Despite Travis County receiving multiple inches of rain as a result of Hurricane Harvey over the weekend, the Lower Colorado River Authority’s hydromet system shows little change in area lake levels.

The hydromet is a system of river and weather gauges used to measure conditions along the lower Colorado River basin, according to LCRA’s website.

The following rainfall totals were recorded by the hydromet between Aug. 22 and 29:

  • 10.84 inches at Longhorn Dam on Ladybird Lake east of downtown Austin;

  • 7.97 inches of rain at Tom Miller Dam on Lake Austin;

  • 7.73 inches at Barton Creek at Capital of Texas Hwy.; and

  • 4.78 inches of rain at Mansfield Dam on Lake Travis.

Over that same period, LCRA reports water levels in Lake Travis have increased by only 0.07 feet, reaching a depth of 672.84 feet above sea level as of 1 p.m. on Aug. 29. Over the past 30 days, Lake Travis water levels have decreased by 0.77 feet.

LCRA reports Lake Austin water levels have decreased by 0.73 feet over the past seven-day period to 491.45 feet above sea level as of 1 p.m. on Aug. 29. Over the past month, the Lake Austin water levels have decreased by 0.63 feet.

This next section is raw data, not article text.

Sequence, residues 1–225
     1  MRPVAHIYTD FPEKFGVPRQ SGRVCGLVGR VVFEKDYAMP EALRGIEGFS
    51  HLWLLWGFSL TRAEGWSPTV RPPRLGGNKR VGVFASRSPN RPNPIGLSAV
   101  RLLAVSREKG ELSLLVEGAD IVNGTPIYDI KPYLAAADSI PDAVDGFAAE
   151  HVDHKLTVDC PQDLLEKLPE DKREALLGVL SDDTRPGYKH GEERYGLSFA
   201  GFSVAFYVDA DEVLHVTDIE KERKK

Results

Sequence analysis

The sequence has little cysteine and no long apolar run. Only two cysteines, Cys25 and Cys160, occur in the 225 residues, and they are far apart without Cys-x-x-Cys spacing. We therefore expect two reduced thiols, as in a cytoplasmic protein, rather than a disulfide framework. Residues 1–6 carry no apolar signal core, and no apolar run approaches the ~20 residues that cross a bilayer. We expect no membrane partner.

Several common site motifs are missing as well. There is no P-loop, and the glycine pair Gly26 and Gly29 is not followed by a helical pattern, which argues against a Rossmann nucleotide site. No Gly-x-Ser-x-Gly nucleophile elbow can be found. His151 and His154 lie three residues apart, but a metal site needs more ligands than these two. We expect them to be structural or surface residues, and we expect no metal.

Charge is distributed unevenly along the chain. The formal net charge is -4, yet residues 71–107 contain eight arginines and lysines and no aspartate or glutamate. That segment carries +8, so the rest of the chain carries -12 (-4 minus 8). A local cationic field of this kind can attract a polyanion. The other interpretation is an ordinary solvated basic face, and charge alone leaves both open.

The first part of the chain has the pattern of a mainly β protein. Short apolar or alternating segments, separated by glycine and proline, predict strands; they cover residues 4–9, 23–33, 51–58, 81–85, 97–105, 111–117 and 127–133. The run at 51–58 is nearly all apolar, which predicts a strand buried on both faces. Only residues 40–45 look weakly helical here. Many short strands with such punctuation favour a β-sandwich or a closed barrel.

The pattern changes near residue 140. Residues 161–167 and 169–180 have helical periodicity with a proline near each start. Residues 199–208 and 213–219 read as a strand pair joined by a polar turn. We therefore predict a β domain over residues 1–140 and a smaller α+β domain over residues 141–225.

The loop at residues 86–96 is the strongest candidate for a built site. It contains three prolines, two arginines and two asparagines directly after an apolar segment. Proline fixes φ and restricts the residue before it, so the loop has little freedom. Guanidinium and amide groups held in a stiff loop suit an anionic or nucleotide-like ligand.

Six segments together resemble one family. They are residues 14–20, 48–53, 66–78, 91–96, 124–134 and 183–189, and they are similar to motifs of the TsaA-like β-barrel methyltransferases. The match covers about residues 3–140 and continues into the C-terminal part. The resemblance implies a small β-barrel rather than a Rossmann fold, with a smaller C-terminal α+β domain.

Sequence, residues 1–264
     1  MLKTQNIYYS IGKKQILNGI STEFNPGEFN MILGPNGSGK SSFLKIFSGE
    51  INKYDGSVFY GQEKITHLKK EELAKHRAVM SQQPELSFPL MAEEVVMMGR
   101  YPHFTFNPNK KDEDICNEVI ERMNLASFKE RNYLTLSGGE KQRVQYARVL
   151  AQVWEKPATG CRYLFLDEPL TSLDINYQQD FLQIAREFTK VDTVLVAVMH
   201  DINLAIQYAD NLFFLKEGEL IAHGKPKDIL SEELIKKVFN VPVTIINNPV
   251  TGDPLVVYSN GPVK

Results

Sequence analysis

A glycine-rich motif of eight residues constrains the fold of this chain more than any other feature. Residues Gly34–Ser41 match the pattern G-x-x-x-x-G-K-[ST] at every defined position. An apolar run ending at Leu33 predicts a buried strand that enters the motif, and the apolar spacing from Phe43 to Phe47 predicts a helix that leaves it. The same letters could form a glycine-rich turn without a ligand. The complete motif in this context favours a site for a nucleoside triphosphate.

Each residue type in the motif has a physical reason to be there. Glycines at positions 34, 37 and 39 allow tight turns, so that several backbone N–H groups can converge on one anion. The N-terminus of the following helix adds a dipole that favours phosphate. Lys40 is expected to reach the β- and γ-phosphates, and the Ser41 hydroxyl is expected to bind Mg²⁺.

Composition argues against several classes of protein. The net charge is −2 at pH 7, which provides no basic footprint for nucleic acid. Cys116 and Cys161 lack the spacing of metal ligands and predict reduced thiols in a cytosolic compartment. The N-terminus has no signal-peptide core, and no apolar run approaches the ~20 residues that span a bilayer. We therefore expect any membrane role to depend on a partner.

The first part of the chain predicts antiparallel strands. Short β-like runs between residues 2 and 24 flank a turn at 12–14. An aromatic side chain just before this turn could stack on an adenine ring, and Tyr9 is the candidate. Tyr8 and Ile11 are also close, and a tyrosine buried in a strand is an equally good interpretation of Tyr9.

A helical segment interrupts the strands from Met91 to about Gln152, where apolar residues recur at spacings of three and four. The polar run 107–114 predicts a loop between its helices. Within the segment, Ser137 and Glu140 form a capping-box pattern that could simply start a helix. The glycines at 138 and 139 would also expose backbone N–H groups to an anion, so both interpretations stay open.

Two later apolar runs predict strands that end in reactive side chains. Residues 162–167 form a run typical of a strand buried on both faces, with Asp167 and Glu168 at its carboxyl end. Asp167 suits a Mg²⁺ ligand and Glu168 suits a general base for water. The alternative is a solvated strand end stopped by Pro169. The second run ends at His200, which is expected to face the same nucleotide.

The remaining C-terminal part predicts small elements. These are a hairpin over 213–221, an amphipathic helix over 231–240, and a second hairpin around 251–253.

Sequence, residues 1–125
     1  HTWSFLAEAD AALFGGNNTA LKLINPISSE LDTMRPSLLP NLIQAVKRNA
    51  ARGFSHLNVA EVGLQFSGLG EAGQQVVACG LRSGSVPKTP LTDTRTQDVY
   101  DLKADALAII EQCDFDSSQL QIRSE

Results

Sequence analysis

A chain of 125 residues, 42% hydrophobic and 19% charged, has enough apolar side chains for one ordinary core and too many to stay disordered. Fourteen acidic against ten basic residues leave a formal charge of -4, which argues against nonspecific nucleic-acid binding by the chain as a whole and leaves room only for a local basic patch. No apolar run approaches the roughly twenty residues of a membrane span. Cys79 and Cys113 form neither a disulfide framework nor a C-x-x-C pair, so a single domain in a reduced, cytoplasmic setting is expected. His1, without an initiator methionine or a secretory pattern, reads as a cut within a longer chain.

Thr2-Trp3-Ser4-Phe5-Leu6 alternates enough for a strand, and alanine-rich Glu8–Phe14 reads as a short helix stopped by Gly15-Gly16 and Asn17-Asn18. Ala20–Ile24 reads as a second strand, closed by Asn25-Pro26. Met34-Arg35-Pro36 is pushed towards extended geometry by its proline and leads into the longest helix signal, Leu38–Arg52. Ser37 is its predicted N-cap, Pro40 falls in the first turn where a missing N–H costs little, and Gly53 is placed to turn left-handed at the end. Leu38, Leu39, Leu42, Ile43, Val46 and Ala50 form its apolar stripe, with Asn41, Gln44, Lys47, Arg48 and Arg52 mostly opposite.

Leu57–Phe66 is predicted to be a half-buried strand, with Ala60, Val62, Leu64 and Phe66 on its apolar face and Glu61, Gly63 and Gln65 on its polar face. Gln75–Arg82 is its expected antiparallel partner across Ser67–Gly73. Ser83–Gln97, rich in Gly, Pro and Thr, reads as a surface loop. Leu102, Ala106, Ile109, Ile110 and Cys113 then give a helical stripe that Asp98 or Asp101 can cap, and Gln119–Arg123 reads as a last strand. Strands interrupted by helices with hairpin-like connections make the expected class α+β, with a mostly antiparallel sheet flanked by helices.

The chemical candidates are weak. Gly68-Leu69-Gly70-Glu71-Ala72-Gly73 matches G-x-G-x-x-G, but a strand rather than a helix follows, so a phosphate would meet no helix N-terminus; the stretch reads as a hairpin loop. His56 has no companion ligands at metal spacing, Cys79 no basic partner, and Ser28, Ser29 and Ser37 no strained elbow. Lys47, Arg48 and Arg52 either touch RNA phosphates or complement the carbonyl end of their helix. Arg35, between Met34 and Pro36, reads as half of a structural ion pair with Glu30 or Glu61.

“Most of the rainfall in the area fell in east Travis County and Bastrop County,” LCRA spokesperson Clara Tuma said. "The heaviest rain fell downstream of Austin, where some communities saw 15-20 inches or more of rain over several days. Rainfall totals near the Highland Lakes ranged from less than an inch near Lake Buchanan to widespread totals of 2-4 inches near Lake Travis. This was not enough rain to make a significant difference in lake levels."